Friday, June 5, 2020

Haynie calmly leads No. 17 Spartans

February 11, 2004
Iowa forward Morgan Kasperek tries to grab the ball from junior guard Kristin Haynie on Feb. 1 at Breslin Center. The Spartans snapped a six-game winning streak by losing to the Hawkeyes, 78-67. —

Quiet and unassuming are words that come to mind when looking at junior point guard Kristin Haynie.

Until you watch her play.

It's then you realize this soft-spoken athlete runs the show for one of the nation's top 20 teams.

"Since I've been here, you watch a lot of people grow up quick, and Kristin was one of those players," senior forward Julie Pagel said. "She came in as a freshman, started at point guard and wasn't fazed at all."

In fact, Haynie has started all but four games in her two-plus year career at MSU. In her freshman season, Haynie was selected to the all-Big Ten freshman team and was honorable mention all-Big Ten last season as a sophomore.

Now in her third year, Haynie has taken on a new role as a leader. As a point guard and one of the three elder stateswomen of the team, she said she has realized what she needs to do.

"I need to be a leader out on the floor as a point guard," Haynie said. "I need to be able to create things for my teammates and find them when they're open, but also score when I need to and get it done defensively."

Haynie is third on the team in scoring and free-throw percentage, averaging 9.4 points per game and shooting 83.3 percent from the foul line. She is second on the team in rebounds with a 4.8 average, trailing only sophomore forward Liz Shimek, whose 8.4 board average is third in the conference.

Haynie leads both the team and the Big Ten in steals, averaging 3.1 per game. Her 4.2-assist average is tops on the team and sixth in the conference as well.

"She's got her head up all the time, and she's a stealing machine," Pagel said. "She's more multitasking, she can do anything on the floor and she's becoming more consistent. She's grown up a lot in the off-season since last year, just doing the little things."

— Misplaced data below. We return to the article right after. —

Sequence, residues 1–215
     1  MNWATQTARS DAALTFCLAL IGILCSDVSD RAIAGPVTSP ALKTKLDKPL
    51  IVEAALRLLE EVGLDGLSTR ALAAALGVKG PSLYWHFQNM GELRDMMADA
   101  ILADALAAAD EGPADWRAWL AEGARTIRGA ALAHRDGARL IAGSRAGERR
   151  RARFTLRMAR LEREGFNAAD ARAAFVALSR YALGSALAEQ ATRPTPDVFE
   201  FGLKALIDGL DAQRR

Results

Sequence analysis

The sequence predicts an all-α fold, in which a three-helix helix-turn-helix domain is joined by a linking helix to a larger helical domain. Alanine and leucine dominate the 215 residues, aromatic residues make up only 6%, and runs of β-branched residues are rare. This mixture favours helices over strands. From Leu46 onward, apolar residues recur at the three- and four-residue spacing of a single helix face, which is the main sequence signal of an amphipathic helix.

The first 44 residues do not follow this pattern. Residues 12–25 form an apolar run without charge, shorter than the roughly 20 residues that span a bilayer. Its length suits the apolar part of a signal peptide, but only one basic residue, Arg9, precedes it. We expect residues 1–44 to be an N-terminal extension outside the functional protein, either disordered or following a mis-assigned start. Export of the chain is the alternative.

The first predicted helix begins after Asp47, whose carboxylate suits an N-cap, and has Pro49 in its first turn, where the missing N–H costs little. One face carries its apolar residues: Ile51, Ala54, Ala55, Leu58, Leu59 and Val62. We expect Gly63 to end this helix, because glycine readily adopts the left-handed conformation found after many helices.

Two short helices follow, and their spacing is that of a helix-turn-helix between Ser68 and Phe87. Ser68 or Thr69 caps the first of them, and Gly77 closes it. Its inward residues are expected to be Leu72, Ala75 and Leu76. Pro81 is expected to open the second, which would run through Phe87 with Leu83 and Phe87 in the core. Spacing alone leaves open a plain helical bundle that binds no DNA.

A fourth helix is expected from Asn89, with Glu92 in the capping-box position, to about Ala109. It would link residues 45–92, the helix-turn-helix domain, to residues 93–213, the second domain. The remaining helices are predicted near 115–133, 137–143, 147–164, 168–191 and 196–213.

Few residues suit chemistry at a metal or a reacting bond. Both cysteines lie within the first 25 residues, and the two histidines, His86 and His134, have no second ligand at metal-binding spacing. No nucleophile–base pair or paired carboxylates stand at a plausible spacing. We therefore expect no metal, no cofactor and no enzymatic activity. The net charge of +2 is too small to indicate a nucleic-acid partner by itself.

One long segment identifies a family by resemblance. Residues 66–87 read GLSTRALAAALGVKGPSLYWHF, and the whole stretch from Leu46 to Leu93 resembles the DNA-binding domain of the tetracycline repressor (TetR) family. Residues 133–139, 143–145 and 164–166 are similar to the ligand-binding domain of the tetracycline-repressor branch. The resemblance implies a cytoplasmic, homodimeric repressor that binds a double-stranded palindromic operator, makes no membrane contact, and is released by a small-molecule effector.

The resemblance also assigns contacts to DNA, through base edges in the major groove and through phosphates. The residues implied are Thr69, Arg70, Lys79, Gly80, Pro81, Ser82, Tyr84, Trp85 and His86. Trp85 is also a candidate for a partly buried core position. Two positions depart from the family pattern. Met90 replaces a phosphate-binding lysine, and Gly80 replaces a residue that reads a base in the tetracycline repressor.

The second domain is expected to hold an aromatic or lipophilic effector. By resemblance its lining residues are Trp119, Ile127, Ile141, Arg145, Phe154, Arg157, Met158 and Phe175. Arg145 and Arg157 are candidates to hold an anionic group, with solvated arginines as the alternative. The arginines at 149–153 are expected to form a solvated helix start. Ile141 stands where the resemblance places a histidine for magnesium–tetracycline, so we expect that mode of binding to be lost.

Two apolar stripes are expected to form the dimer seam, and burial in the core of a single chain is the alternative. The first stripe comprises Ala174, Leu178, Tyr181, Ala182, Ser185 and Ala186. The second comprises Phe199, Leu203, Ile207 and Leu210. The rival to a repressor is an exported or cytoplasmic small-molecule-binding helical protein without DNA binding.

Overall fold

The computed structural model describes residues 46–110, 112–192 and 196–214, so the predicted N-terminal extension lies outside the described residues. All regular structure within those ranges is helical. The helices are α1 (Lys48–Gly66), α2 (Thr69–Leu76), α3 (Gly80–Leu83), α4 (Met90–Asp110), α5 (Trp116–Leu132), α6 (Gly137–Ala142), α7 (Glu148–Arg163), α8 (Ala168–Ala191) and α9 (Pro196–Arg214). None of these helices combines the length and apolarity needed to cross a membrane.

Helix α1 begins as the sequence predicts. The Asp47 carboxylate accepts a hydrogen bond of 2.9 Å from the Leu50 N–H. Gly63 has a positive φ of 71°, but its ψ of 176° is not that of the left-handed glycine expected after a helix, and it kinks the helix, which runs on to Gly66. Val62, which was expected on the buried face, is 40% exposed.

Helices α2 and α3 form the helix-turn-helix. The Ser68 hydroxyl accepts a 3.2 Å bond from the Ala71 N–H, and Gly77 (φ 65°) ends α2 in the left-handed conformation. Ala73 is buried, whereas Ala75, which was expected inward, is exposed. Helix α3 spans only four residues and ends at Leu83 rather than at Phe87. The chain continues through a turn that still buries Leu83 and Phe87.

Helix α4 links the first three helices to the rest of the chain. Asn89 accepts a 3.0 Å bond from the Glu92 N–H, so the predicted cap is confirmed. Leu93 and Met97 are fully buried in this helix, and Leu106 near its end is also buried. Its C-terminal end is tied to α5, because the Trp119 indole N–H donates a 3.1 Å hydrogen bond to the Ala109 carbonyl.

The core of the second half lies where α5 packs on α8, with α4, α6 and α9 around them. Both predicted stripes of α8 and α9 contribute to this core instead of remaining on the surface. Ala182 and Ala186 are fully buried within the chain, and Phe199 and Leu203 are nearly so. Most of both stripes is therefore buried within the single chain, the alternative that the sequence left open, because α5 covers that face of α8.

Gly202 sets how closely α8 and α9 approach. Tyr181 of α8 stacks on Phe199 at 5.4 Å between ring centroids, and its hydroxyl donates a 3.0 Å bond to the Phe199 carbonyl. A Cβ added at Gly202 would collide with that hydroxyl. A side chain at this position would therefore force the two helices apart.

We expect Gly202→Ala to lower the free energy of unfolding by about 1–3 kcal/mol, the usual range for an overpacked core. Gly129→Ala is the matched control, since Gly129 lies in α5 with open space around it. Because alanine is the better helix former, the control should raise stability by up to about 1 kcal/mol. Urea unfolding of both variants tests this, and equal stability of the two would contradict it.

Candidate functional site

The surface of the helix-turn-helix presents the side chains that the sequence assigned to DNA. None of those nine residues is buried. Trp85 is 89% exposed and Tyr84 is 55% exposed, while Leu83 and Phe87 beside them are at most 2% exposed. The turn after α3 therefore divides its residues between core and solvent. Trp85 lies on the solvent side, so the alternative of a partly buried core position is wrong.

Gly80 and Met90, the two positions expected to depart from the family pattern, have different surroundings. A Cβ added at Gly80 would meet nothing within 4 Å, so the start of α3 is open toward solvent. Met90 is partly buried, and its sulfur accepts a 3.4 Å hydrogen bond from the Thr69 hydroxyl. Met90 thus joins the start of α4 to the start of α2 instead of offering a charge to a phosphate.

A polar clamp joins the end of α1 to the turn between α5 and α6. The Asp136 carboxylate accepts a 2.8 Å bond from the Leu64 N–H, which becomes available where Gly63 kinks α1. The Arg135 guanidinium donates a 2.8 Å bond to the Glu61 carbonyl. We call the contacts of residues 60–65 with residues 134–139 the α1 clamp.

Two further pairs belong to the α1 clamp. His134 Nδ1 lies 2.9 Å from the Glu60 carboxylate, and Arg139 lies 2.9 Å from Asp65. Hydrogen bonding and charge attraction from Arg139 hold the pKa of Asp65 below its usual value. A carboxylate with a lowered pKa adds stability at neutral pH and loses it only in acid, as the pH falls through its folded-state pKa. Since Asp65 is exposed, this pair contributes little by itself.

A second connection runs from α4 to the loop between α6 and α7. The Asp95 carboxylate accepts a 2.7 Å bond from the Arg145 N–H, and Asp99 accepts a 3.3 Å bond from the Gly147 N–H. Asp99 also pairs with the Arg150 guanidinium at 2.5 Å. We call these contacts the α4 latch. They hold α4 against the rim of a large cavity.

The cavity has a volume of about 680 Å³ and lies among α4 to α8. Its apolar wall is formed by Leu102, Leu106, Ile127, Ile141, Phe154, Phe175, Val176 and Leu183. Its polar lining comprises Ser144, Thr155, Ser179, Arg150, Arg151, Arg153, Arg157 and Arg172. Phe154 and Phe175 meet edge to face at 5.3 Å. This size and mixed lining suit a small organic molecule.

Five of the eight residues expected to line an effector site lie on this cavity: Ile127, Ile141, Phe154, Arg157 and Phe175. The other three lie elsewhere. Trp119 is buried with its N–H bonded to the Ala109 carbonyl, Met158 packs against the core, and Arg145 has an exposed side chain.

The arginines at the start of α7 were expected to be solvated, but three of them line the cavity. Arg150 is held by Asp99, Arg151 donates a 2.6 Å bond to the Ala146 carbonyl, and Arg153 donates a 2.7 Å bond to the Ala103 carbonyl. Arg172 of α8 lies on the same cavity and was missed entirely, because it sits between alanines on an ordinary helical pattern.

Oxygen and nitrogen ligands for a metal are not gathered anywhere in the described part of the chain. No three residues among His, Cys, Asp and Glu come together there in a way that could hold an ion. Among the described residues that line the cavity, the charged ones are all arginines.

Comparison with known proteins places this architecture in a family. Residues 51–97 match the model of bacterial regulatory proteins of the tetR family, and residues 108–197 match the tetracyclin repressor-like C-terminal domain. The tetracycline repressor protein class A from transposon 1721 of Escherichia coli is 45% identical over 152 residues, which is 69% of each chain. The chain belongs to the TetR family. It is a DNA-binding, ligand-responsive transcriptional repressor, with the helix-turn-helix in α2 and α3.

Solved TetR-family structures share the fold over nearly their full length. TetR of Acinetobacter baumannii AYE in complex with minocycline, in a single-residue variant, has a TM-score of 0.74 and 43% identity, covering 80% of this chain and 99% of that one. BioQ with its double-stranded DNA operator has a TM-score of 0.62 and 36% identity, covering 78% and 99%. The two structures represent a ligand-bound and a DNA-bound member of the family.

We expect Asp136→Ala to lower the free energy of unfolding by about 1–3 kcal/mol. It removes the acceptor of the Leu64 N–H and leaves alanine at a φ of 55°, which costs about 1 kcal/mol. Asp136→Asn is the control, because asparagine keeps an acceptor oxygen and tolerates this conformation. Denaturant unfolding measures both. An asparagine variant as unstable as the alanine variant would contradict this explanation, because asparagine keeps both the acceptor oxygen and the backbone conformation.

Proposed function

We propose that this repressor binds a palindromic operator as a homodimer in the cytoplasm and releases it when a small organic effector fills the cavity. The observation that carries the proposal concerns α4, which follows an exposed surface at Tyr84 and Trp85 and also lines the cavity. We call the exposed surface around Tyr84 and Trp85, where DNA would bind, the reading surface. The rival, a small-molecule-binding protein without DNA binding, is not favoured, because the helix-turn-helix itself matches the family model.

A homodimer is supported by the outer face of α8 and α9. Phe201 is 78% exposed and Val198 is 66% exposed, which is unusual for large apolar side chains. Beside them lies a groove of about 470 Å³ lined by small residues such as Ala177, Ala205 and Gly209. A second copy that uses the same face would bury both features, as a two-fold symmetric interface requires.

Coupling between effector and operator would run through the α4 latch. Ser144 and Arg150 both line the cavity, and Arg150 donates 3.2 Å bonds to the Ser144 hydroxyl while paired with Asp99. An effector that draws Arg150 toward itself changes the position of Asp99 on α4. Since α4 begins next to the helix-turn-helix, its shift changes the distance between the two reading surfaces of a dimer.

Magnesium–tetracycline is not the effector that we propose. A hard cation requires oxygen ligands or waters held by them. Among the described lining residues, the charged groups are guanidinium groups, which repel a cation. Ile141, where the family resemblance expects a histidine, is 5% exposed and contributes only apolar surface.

The little things have come about quietly, just like her personality and sometimes her statistics. She has quietly compiled the numbers and taken over leadership duties on the team.

What does it say about Haynie that the Spartans are ranked No. 17 in the country with a chance to make a push for the Big Ten title?

It says is not only head coach Joanne P. McCallie getting through to the players, but is getting through to Haynie, who in turn is getting through to her teammates.

"She's having an excellent year for us and has been a good leader," McCallie said. "I think her quiet demeanor is very misleading. She says what she needs to say when she needs to say it, and she has everyone's attention when she speaks."

McCallie mentioned, after Haynie's 16-point, 12-rebound, four-assist performance at Ohio State earlier this season, that she is one of the nation's most underrated point guards.

"She's very much a take-on artist, the type of person who likes to take on a challenge," McCallie said. "In that style, rather than waiting for a situation to arise, she puts herself in dominating situations with her ability to create in the game."

As the dust begins to settle in the Big Ten, it could be Haynie with the ball in her hands and a chance to make the right choice for her team to win a conference championship or a Big Ten Tournament title.

"She's unbelievably calm and just controls everything in the games, and it makes things easier for everyone else," junior center Kelli Roehrig said.


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